A home inspection helps to find potential expenses beyond the sales price, which
puts homebuyers in a powerful position for negotiation. If there are any issues discovered
during the home inspection, buyers can stipulate that the sellers either
repair them before closing or help cover the costs in some other way. If the sellers
do not want to front the money to complete the repairs, buyers could negotiate a
drop in the overall sales price of the home!
Perhaps even more importantly, a home inspection buys you peace of mind. Your
first days and months in a new home will set the tone for your life there, and you
don’t want to taint that time with worries about hidden problems and potential
To help you understand how much money a home inspection can save you, here
are some numbers from HomeAdvisor to drive the point home … so to speak.
Roof – Roofing problems are one of the most common issues found by home inspections.
Roof repair can range between $316 and $1046, but to replace a roof
entirely can cost between $4,660 and $8,950.
Plumbing – Don’t underestimate the plumbing. Small leaks can cause damage
that costs between $1,041 and $3,488 to repair. Your home inspector will look for
visible problems with the plumbing such as leaky faucets, water stains around
sinks and the shower, and noisy pipes. Stains on walls, ceilings, and warped floors
show plumbing problems.
Heating and Cooling – Ensuring the home’s heating and cooling system is working
properly is very important. Your home inspector will make you aware of any problems
with the existing system and let know you whether the system is past its
prime and needs replacing. You don’t want to throw down $3,919 to replace an
aged furnace. Nor do you want to spend $5,238 replacing an ill-working air conditioner.
Replacing and repairing a water heater gets pricey too. Wouldn’t you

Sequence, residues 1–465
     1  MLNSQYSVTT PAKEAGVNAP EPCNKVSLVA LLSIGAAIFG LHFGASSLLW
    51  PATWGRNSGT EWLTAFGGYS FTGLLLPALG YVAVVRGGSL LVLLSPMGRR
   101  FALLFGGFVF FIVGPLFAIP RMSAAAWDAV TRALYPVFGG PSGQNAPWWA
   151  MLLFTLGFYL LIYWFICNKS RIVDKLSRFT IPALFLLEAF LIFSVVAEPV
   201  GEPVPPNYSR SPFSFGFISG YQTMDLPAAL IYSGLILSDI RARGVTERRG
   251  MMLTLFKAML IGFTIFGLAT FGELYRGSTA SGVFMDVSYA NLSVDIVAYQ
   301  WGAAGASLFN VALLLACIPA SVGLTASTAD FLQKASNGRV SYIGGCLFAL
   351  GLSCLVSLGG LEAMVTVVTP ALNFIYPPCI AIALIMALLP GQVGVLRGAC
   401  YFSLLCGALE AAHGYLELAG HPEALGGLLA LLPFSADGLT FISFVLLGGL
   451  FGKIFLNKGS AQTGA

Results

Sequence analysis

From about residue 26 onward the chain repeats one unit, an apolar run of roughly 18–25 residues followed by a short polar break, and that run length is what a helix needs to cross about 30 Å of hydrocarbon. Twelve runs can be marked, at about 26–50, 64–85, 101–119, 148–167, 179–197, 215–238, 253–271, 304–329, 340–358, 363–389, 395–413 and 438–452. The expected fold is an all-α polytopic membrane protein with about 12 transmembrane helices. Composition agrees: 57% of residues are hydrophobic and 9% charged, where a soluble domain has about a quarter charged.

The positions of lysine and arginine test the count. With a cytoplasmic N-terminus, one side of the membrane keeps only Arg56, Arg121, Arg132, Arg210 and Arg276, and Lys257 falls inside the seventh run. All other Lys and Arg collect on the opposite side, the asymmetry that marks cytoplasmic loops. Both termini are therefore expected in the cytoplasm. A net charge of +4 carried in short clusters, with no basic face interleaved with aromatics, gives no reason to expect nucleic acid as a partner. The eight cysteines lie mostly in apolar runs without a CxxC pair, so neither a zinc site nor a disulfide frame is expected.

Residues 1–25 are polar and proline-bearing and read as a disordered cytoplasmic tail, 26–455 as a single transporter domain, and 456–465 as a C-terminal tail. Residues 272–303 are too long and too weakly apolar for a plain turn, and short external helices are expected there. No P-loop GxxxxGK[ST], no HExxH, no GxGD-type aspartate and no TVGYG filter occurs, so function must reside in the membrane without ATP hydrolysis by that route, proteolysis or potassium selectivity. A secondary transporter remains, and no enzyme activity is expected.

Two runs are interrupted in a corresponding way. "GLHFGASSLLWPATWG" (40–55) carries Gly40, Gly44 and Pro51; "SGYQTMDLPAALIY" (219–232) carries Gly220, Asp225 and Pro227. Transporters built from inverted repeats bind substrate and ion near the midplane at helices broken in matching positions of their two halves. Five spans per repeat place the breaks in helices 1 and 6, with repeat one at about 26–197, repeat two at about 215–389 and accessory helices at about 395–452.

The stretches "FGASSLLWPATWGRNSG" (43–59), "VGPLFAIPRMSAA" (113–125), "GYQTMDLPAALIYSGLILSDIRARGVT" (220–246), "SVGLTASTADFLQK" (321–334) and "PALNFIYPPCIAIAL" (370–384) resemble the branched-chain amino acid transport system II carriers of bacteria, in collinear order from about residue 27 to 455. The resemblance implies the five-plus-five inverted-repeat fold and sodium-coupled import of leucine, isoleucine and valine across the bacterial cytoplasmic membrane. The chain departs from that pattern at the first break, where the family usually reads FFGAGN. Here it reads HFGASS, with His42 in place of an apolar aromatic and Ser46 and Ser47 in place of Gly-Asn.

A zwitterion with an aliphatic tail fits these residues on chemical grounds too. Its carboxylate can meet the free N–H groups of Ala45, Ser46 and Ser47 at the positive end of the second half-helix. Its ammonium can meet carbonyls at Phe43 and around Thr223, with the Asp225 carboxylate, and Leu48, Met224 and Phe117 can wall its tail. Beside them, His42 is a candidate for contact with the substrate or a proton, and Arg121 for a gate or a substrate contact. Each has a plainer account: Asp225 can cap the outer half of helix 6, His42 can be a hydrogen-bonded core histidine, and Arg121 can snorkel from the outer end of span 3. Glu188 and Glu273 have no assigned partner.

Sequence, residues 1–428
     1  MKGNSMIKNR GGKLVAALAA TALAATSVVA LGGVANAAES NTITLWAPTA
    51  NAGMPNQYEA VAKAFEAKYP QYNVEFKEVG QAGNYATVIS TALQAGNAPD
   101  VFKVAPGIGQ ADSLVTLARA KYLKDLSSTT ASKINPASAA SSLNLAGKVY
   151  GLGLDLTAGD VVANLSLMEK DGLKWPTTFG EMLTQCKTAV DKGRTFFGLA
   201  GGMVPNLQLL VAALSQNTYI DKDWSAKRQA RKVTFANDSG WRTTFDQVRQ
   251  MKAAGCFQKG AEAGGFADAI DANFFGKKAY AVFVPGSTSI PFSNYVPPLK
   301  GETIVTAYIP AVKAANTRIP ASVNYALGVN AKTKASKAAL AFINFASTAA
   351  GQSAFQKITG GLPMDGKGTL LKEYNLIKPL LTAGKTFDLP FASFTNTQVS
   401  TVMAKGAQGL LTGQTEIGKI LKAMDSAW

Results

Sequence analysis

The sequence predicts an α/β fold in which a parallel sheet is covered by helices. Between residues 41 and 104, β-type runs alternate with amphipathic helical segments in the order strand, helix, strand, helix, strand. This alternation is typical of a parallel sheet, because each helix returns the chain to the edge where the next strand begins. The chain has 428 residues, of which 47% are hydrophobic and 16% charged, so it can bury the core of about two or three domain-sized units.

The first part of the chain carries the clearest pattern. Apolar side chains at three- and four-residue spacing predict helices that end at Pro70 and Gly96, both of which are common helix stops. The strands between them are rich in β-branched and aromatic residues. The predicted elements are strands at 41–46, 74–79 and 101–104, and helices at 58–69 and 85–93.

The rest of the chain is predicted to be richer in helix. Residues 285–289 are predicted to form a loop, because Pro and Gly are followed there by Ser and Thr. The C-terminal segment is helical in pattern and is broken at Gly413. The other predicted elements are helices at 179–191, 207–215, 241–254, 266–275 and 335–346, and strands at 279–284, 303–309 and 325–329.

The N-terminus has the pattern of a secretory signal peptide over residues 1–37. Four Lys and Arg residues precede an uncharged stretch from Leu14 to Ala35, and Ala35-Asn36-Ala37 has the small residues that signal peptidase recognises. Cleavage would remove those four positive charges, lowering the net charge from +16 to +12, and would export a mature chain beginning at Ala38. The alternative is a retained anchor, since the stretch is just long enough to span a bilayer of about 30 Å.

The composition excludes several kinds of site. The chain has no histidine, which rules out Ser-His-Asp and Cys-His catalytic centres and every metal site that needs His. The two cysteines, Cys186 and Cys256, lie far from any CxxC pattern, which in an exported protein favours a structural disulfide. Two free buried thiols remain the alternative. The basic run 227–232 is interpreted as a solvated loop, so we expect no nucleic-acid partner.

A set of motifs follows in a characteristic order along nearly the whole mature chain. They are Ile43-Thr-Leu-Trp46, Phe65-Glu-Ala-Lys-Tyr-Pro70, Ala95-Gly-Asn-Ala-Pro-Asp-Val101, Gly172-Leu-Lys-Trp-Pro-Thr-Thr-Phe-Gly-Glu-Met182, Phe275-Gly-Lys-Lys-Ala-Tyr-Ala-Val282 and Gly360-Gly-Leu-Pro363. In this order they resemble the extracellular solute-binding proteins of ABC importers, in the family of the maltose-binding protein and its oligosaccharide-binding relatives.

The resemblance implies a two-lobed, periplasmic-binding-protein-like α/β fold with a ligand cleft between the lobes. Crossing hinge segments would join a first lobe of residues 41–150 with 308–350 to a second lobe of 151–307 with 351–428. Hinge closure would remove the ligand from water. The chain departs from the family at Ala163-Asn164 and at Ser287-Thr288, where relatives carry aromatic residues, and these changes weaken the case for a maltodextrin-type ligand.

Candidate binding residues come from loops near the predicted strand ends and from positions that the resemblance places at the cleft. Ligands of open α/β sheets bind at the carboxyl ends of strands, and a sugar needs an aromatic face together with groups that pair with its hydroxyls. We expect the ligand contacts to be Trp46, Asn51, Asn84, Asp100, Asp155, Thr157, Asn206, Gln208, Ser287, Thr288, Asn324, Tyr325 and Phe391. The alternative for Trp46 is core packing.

rather use your savings for a vacation?
Electrical Systems – When thinking of the electrical system, no problem is better
than even a small problem. Electrical problems might seem small, but they can
blossom into thousand-dollar catastrophes. Make sure your home inspector examines
the electric meter, wires, circuit breaker, switches, and the GCFI outlets and
Foundation – If your home inspector sees that the house is sinking, that means
water is seeping into the foundation; cracks in walls, sticking windows, and sagging
floor also indicate foundational problems. The foundation is so important that
if the general inspection report shows foundation problems, lenders will not lend
money on the home until those issues are solved. Foundation repairs can reach as
high as $5,880 to repair.
As you can see, a small investment of a few hundred dollars for a general home
inspection can save you tons of money and future headaches. To save even more
money, you might consider investing in a specialized home inspection as well. A
specialized inspection gets down to the nitty-gritty of all the trouble spots the
general home inspection might have located.
How Much Money Can a Specialized Inspection Save You?
A general home inspection can trigger a need for a specialized inspection because
the general home inspector spotted something off about the roof, sewer system,
the heating and cooling system, and the foundation. If humidity is high where
you’re buying your home, a pest inspection is recommended. Usually, a pest inspection
will check for mold as well as pests. Most homebuyers have a Radon test
done to ensure air quality.
Roof – Roof specialists examine the chimney and the flashing surrounding it. They
also look at the level of wear and tear of the roof. They can tell you how long the
roof will last before a new one is needed. They’ll inspect the downspouts and gutters.
The average cost of a roof inspection is about $223. Most roof inspections
will cost between $121 and $324.
Sewer System – Making sure your sewer system has no problems should happen
before the closing because what might look like a small problem can turn into a
large problem in the future. If any issues pop up, you can negotiate with the seller
about needed repairs or replacements before closing. Cost of inspection will vary;
on the low side, it might cost you around $95, and on the high side, it might cost
you $790. Compare these numbers to repairing a septic tank, which can cost, on
average, $1,435 (though it could reach as high as $4,459), and you can see that
the cost of an inspection is worth it when you catch the problem before you buy.
Heating and Cooling System – A HVAC specialist will check the ducts for blockage
and for consistent maintenance of the unit. The repairs needed might be small or
they might be big, but this small investment will save you headaches and lots of
money down the road.
Foundation – A foundation specialist will pinpoint the exact problem with the foundation.